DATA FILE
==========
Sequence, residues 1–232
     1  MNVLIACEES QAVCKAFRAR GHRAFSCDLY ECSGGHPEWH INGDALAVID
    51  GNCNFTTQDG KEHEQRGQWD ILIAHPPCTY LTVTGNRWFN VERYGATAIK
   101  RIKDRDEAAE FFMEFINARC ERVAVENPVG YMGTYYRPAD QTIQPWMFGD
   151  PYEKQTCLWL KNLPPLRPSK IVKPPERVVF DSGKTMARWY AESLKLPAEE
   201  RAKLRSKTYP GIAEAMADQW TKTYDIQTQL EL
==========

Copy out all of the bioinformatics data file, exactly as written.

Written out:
Sequence, residues 1–232
     1  MNVLIACEES QAVCKAFRAR GHRAFSCDLY ECSGGHPEWH INGDALAVID
    51  GNCNFTTQDG KEHEQRGQWD ILIAHPPCTY LTVTGNRWFN VERYGATAIK
   101  RIKDRDEAAE FFMEFINARC ERVAVENPVG YMGTYYRPAD QTIQPWMFGD
   151  PYEKQTCLWL KNLPPLRPSK IVKPPERVVF DSGKTMARWY AESLKLPAEE
   201  RAKLRSKTYP GIAEAMADQW TKTYDIQTQL EL